This week: how many times have you been on the Canada Line now?
Thought I’d ask since many of you are transit enthusiasts!
Let’s say “as of” means “including Friday Aug 28.” And did you ride the line just to ride it, or to actually go somewhere? Tell us in the comments!
SeaBus riders, take note: there will only one boat service on Sunday August 30, with half-hour service starting at 8:00 a.m. The MV Burrard Otter is off for its annual required Transport Canada Safety Inspection! It’s the MV Burrard Beaver’s turn next Sunday, September 6.
Just a note to say I’m off on Friday August 28 and Monday August 31.
There will be a couple of scheduled posts going up today and Monday, but don’t be alarmed if you don’t get any correspondence from me over those days. I’ll be back on Tuesday and will answer everything then!
Well, as some have already guessed, Broadway Station and Commercial Drive Station are getting a new name on Monday, September 7.
On the same day as the major bus service changes, Commercial Drive Station and Broadway Station will be merged into one and renamed Commercial-Broadway Station.
The name change is spurred by the launch of the Canada Line.
Since one Canada Line station is located on Broadway, emergency dispatchers have raised concerns about confusion between Broadway/City Hall and Broadway/Commercial station.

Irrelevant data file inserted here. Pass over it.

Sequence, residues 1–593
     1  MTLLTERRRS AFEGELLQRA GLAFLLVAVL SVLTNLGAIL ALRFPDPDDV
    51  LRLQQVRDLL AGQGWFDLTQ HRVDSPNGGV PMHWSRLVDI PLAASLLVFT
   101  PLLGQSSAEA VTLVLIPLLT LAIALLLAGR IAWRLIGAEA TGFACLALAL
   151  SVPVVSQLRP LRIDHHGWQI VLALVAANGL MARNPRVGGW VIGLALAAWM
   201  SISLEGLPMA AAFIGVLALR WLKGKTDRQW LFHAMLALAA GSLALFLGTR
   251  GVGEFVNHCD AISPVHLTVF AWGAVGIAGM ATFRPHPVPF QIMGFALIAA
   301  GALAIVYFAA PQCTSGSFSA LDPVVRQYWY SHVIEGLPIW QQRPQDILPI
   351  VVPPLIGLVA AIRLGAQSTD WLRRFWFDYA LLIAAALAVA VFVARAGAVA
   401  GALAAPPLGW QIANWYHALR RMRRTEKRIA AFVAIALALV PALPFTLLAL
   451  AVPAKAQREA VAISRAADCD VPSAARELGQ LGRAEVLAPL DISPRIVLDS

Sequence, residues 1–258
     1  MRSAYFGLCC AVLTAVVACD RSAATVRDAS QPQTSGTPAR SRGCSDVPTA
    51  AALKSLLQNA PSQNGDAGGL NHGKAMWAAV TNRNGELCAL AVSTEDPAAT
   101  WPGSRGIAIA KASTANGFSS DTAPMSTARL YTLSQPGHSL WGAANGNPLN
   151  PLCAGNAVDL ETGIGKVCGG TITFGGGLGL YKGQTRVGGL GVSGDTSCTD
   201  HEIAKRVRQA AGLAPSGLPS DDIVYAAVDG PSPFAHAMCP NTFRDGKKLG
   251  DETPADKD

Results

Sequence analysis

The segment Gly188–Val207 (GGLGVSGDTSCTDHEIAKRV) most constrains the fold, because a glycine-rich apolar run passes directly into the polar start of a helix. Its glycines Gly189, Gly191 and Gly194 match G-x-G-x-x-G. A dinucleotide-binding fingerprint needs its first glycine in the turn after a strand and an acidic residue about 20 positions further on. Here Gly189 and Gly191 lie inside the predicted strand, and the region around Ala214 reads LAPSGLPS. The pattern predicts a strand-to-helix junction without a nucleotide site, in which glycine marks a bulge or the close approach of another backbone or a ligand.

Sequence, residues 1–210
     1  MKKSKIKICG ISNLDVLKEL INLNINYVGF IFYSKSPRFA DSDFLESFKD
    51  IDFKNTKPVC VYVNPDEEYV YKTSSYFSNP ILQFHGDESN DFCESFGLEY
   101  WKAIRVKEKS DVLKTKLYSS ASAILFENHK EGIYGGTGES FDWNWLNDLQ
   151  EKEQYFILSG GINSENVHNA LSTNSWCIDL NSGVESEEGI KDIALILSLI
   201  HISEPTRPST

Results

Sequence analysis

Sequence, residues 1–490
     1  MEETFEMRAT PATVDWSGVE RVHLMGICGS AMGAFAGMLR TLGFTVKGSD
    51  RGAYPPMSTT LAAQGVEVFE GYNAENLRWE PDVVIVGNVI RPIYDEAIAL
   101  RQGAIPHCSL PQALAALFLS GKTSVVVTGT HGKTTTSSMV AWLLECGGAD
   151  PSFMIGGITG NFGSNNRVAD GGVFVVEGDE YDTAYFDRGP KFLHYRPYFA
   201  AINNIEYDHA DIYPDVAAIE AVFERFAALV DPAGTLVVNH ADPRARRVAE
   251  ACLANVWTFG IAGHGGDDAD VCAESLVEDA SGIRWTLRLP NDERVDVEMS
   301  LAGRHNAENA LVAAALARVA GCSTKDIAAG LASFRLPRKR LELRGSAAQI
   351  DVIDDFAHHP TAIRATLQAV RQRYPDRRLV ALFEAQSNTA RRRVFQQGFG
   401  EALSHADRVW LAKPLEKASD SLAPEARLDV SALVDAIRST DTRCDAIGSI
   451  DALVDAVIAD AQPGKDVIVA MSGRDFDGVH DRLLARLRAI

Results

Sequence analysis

A diagram showing the new platform numbering at Commercial-Broadway Station. Click for a larger version.
The platforms at the new Commercial-Broadway Station will be numbered to distinguish the four passenger boarding points, and will be used in our Trip Planner so you can plan journeys:
1 – Former Commercial Drive Station
Trains to VCC-Clark
2 – Former Commercial Drive Station
Trains to Waterfront via Millennium Line stations
3 – Former Broadway Station
Trains to Waterfront
4 – Former Broadway Station
Expo Line trains to King George;
Millennium Line trains to VCC-Clark
Bear in mind that none of this affects any actual train service. If you take the train at these stations, keep going as you normally do — nothing will change but the platform and station names.
Connecting bus services will now just refer to “Commercial-Broadway Station” instead of “Commercial Drive Station” or “Broadway Station.” Automated voice announcements on SkyTrain will also be changed to reflect the new names.